Differences in the prevalence of human papillomavirus (HPV) in head and neck squamous cell cancers by sex, race, anatomic tumor site, and HPV detection method

Gypsyamber D'Souza, William H. Westra, Steven J. Wang, Annemieke Van Zante, Alicia Wentz, Nicole Kluz, Eleni Rettig, William R. Ryan, Patrick K. Ha, Hyunseok Kang, Justin Bishop, Harry Quon, Ana P. Kiess, Jeremy D. Richmon, David W. Eisele, Carole Fakhry

Research output: Contribution to journalArticlepeer-review

55 Scopus citations

Abstract

IMPORTANCE Human papillomavirus (HPV) causes an increasing proportion of oropharyngeal squamous cell carcinomas (OPSCCs), particularly in white men. The prevalence of HPV among other demographic groups and other anatomic sites of HNSCC is unclear. OBJECTIVE To explore the role of HPV tumor status among women and nonwhites with OPSCC and patients with nonoropharyngeal head and neck squamous cell carcinoma (non-OP HNSCC). DESIGN, SETTING, AND PARTICIPANTS Retrospective cohort study at 2 tertiary academic centers including cases diagnosed 1995 through 2012, oversampled for minorities and females. A stratified random sample of 863 patients with newly diagnosed SCC of the oral cavity, oropharynx, larynx, or nasopharynx was used. MAIN OUTCOMES AND MEASURES Outcomeswere HPV status as measured by p16 immunohistochemical analysis, HPV16 DNA in situ hybridization (ISH), and high-risk HPV E6/E7 mRNA ISH. RESULTS Of 863 patients, 551 (63.9%) were male and median age was 58 years (interquartile range, 51-68 years). Among 240 OPSCCs, 144 (60%) were p16 positive (p16+), 115 (48%) were HPV16 DNA ISH positive (ISH16+), and 134 (56%) were positive for any oncogenic HPV type (ISH+). From 1995 to 2012, the proportion of p16+ OPSCC increased significantly among women (from 29% to 77% P = .005 for trend) and men (36%to 72% P < .001 for trend), as well as among whites (39%to 86% P < .001 for trend) and nonwhites (32%to 62% P = .02 for trend). Similar results were observed for ISH+ OPSCC (P .01 for all). Among 623 non-OP HNSCCs, a higher proportion were p16+ compared with ISH positive (62 [10%] vs 30 [5%] P = .001). A high proportion (26 of 62 [42%]) of these p16+ non-OP HNSCCs were found in sites adjacent to the oropharynx. The proportion of p16+ and ISH+ non-OP HNSCCs were similar by sex. Over time, the proportion of non-OP HNSCCs that were p16+ (or ISH+) increased among whites (P = .04 for trend) but not among nonwhites (each P > .51 for trend). Among OPSCCs, p16 had high sensitivity (100%), specificity (91%), and positive (93%) and negative predictive value (100%) for ISH positivity. In non-OP HNSCCs, p16 had lower sensitivity (83%) and positive predictive value (40%) but high specificity (94%) and negative predictive value (99%) for ISH positivity. CONCLUSIONS AND RELEVANCE During 1995 through 2012, the proportion of OPSCCs caused by HPV has increased significantly. This increase was not restricted to white men but was a consistent trend for women and men, as well as for white and nonwhite racial groups. Few non-OP HNSCCs were HPV related. P16 positivity was a good surrogate for ISH+ tumor status among OPSCC, but not a good surrogate for non-OP HNSCC.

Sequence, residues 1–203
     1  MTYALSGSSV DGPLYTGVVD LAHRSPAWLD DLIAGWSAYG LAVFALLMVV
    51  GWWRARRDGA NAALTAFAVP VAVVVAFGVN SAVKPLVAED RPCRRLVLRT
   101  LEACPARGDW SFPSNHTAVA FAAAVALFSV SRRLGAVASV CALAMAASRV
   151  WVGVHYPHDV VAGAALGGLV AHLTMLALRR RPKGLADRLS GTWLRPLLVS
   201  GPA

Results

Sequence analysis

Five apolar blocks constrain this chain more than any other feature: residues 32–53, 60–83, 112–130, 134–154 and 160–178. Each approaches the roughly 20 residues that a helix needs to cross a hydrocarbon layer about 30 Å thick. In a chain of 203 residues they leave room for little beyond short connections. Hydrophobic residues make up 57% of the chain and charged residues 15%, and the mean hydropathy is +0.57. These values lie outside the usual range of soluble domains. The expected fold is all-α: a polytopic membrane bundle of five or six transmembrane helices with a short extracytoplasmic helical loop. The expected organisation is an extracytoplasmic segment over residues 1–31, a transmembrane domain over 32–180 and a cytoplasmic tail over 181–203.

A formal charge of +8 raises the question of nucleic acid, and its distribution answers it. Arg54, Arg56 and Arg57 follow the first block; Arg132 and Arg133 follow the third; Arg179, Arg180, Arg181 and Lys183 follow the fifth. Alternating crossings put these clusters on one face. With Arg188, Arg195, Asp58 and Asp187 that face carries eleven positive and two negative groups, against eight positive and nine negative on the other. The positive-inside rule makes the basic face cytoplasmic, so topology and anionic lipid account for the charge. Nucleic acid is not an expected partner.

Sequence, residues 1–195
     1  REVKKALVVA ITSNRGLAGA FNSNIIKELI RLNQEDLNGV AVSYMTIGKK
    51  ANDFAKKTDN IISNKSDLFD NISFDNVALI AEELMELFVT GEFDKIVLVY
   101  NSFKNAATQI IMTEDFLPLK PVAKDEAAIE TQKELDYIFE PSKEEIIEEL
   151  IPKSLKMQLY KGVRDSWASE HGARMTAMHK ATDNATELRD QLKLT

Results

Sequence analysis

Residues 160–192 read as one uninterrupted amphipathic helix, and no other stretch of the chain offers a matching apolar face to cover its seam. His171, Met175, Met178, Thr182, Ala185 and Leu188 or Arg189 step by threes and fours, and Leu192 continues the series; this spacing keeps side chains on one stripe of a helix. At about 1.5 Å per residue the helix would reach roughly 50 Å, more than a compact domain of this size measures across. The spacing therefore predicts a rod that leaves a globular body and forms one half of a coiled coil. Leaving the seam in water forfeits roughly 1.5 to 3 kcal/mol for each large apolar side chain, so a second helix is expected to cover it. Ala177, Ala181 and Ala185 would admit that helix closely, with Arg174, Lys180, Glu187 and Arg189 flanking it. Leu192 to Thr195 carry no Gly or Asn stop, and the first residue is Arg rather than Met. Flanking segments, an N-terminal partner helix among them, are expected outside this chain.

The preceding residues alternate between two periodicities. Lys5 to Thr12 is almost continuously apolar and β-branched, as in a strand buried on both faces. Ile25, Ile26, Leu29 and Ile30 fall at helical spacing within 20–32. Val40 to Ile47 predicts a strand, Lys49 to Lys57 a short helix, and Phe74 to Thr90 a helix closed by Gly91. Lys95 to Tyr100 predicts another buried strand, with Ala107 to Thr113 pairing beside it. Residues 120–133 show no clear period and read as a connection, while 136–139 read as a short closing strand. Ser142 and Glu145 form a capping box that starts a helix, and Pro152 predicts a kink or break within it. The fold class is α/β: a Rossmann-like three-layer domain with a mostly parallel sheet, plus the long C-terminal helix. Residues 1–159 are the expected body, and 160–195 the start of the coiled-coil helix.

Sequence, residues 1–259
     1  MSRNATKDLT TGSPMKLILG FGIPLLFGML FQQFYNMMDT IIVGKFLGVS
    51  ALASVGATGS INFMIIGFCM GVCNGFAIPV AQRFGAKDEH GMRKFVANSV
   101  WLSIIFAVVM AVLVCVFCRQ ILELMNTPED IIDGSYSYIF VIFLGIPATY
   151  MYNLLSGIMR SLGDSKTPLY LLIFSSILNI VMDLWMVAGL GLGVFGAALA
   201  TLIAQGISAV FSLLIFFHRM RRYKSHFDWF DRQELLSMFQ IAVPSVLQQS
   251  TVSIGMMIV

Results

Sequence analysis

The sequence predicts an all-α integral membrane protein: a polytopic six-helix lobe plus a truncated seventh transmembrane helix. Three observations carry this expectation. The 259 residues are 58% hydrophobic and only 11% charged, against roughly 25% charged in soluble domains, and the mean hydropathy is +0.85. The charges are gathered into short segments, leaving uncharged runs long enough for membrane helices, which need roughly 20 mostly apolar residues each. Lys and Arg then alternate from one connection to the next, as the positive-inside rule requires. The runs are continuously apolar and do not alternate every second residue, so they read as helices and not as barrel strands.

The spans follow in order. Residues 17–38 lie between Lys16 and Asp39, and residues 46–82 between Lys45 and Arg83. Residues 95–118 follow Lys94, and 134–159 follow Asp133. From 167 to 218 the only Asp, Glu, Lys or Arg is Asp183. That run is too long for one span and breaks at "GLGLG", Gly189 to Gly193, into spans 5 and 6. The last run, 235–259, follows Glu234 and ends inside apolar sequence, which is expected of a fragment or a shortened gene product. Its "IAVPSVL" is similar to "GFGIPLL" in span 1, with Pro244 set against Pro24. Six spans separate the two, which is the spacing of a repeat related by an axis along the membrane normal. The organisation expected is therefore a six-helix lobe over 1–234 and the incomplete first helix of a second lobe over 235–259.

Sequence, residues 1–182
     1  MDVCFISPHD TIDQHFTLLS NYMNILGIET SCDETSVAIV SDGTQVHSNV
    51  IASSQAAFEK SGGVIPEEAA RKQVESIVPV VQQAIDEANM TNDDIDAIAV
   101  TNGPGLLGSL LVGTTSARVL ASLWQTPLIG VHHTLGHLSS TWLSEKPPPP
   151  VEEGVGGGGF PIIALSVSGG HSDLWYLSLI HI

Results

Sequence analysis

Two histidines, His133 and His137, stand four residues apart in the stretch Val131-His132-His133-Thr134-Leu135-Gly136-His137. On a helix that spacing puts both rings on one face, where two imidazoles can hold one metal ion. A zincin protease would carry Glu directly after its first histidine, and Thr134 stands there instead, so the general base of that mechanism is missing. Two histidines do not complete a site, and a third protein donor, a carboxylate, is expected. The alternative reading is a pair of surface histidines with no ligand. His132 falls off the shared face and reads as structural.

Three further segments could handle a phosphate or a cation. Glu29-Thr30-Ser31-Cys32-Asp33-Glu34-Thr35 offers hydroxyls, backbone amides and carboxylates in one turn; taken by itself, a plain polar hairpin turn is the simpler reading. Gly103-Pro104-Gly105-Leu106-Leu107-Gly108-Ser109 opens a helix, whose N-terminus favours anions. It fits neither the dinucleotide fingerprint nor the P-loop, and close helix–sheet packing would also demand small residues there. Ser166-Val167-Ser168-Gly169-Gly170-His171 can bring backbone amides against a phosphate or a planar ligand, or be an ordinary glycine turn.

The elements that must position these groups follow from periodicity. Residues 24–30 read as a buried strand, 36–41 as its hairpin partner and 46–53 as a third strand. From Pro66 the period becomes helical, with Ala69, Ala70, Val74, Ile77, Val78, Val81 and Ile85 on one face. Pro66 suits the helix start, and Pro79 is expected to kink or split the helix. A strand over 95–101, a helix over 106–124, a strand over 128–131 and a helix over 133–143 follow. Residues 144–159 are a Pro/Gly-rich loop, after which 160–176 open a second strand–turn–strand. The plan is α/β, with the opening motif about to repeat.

Original languageEnglish (US)
Pages (from-to)169-177
Number of pages9
JournalJAMA Oncology
Volume3
Issue number2
DOIs
StatePublished - Feb 2017

ASJC Scopus subject areas

  • Oncology
  • Cancer Research

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